It’s a sad fact that Vincent Valdez’s “The City” has a diminished power to shock in the America we know today. But the unsettling painting, unveiled this week at the Blanton Museum of Art, still provides an opportunity to pause, reflect and continue our country’s dialogue on race, hopefully from a place of greater honesty with ourselves.
Valdez’s groundbreaking work depicts about a dozen people shrouded in Ku Klux Klan hoods and robes, staring directly at the viewer. The oversized black-and-white painting evokes photos from decades ago — until you realize a grayscale image is the only way to render a nighttime scene illuminated by a torch and headlights.
A Klansman looking at the glowing screen of his smartphone, a large communications tower to the left and a newer model truck to the right tell you this is an image of present-day America.
That’s the emotional sucker punch of this courageous piece of art.
These people live with us today.
It was a provocative concept when Valdez began working on the painting in 2015. What Valdez couldn’t have anticipated when he started this work, though, were the real-life events over the next few years that would bring Americans face-to-face with the overt racism in our midst.
The images of white supremacists marching in Charlottesville last August with tiki torches and racist chants, feeling so emboldened they didn’t hide behind hoods.
The photos of a 91-year-old Mexican-American in Southern California who was viciously beaten this month by a black woman who yelled, “Go back to your country!” according to a witness.
The arrest of a man who traveled last year to New York to stab and kill a black man at random, with plans to murder other African-Americans over his anger about interracial relationships.
The ugly rhetoric from President Donald Trump, who reportedly described Haiti, El Salvador and African nations in private as “s-hole” countries, and who publicly equates immigrants arriving here illegally with violent criminals.
The alarming statistics showing a rise in hate crimes against African-Americans, Latinos, Muslims and gays, particularly in California, which has seen a double-digit increase in hate crimes in each of the past three years, after six years of declining numbers.
When the news provides such vivid pictures of racism in our cities today, how much more can a Klan painting say?
Actually, a lot.
The image in “The City” is rooted in personal experience: As a teenager, Valdez had a face-to-face encounter with a Grand Dragon when he unwittingly happened upon a Klan rally outside the Alamo. That Klan leader, like one partially visible figure in the painting, was unmasked.
“It was really important to see a little bit of that face, to say, like, ‘You’re watching us, but you’re being watched,’” Valdez told several hundred people gathered Tuesday evening at the Blanton Museum to learn about the painting. “We are becoming more aware of this.”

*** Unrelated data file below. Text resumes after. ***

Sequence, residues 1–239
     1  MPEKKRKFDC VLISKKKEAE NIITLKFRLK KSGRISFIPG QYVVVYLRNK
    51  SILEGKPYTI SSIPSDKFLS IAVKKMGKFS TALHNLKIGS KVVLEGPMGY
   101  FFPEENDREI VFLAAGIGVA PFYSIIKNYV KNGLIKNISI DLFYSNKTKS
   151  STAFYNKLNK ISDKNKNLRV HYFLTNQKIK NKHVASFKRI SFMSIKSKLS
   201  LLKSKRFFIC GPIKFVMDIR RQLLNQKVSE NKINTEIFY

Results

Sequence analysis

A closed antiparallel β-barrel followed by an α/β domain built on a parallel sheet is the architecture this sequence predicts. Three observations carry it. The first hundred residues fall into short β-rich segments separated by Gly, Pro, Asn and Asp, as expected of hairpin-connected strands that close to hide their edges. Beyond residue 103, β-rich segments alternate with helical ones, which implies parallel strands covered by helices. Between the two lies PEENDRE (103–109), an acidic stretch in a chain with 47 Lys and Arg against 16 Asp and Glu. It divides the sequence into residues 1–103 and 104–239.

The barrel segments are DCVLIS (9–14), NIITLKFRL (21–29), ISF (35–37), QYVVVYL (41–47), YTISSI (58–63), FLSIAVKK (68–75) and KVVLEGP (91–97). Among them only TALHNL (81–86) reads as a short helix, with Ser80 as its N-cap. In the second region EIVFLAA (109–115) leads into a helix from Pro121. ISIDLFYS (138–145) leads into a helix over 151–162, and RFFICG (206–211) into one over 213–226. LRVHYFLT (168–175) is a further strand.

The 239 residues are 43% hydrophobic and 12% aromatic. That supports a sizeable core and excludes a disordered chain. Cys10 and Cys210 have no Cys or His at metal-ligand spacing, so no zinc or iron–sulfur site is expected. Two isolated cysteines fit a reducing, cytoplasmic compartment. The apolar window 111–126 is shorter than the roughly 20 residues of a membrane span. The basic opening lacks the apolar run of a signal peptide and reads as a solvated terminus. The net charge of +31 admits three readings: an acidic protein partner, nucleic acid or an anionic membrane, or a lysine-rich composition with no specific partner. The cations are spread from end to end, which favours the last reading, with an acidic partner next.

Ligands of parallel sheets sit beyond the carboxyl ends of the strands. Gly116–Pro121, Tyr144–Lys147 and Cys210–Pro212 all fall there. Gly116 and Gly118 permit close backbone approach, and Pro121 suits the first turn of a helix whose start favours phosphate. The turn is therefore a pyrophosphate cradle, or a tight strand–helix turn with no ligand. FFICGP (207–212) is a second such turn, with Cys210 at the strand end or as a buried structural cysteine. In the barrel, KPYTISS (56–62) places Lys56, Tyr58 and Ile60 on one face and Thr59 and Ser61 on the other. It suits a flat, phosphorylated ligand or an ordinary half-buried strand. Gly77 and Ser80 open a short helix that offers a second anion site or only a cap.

We see it. We’re staring back, unafraid.
One of the figures is clutching a notepad. Another is nursing a beer. Several are women with delicate hands and manicured nails. They’re strikingly ordinary. Then you notice a figure in the shadows holding an infant in a Pikachu outfit and a mini Klan hood, the baby’s pudgy fingers pointing at you.
Another emotional sucker punch.
It’s hard not to look at “The City” through the current prism of the Trump era. But it’s worth remembering Valdez conceived the work while our first African-American president was in office, at a time when buoyant talk of a post-racial America ignored the insidious, persistent strands of institutional racism. Among the themes on the artist’s mind: Mass incarceration. Police brutality. Economic segregation. A broken education system that disproportionately puts African-American and Latino students at disadvantages. Even the decisions on where parks, playgrounds and low-income housing are built.
Valdez hoped this confrontational image would serve as the mirror Americans needed to see.
“If there’s one thing that America in the 21st century has yet to come to terms with, it is the truth,” Valdez said. “We’re trapped between a myth of who we think we were and the reality of who we really are.”
I must admit, I didn’t see those themes of covert racism in my first viewing of “The City,” perhaps because in my mind, the Klan conjures images of brutal violence, not social neglect. They are different forms of evil, and Valdez’s painting shows us the easier one to recognize. But his work, accompanied by an array of educational materials at the Blanton, challenge us to think deeper.
Fifty or 100 years from now, “The City” will no longer be a mirror, but a window to the past. If the work is taken out of storage and put on display somewhere, what those future museum visitors see staring back at them — A familiar image? A relic of an ignorant era? — will depend on how we confront the hatred and disparities of today.